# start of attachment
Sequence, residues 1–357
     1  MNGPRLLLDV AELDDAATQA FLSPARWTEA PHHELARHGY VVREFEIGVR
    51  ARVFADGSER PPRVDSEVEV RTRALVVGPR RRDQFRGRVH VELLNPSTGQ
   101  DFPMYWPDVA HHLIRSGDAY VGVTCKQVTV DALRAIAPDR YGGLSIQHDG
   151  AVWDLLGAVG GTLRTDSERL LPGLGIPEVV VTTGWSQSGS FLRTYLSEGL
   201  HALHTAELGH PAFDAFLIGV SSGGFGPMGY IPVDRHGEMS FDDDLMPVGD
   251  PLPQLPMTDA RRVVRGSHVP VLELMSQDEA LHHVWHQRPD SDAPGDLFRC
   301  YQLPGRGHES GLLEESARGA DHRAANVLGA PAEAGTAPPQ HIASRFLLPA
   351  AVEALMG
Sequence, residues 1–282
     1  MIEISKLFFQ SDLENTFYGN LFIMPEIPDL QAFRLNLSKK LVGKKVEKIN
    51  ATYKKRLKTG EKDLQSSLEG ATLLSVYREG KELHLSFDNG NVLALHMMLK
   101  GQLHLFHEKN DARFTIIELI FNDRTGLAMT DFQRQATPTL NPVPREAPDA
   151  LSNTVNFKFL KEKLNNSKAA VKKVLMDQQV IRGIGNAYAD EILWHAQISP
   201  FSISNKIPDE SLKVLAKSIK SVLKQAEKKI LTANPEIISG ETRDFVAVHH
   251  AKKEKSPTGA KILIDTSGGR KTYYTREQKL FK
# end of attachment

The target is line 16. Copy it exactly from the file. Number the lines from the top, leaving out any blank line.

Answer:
   251  AKKEKSPTGA KILIDTSGGR KTYYTREQKL FK